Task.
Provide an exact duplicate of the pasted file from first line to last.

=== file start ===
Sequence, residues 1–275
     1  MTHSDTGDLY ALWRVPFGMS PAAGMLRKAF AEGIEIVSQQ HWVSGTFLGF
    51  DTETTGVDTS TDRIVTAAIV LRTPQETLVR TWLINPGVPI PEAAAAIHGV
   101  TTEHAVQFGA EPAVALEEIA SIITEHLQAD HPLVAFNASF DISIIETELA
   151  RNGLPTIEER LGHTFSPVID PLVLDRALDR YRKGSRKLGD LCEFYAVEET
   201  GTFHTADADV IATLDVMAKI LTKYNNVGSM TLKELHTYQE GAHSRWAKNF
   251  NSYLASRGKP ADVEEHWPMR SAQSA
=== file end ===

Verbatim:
Sequence, residues 1–275
     1  MTHSDTGDLY ALWRVPFGMS PAAGMLRKAF AEGIEIVSQQ HWVSGTFLGF
    51  DTETTGVDTS TDRIVTAAIV LRTPQETLVR TWLINPGVPI PEAAAAIHGV
   101  TTEHAVQFGA EPAVALEEIA SIITEHLQAD HPLVAFNASF DISIIETELA
   151  RNGLPTIEER LGHTFSPVID PLVLDRALDR YRKGSRKLGD LCEFYAVEET
   201  GTFHTADADV IATLDVMAKI LTKYNNVGSM TLKELHTYQE GAHSRWAKNF
   251  NSYLASRGKP ADVEEHWPMR SAQSA